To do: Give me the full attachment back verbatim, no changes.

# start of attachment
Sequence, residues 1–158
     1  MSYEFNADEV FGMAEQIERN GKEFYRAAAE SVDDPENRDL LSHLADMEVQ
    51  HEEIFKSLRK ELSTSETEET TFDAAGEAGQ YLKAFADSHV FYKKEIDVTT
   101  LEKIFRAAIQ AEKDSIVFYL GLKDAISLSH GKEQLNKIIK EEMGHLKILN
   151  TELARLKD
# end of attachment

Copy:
Sequence, residues 1–158
     1  MSYEFNADEV FGMAEQIERN GKEFYRAAAE SVDDPENRDL LSHLADMEVQ
    51  HEEIFKSLRK ELSTSETEET TFDAAGEAGQ YLKAFADSHV FYKKEIDVTT
   101  LEKIFRAAIQ AEKDSIVFYL GLKDAISLSH GKEQLNKIIK EEMGHLKILN
   151  TELARLKD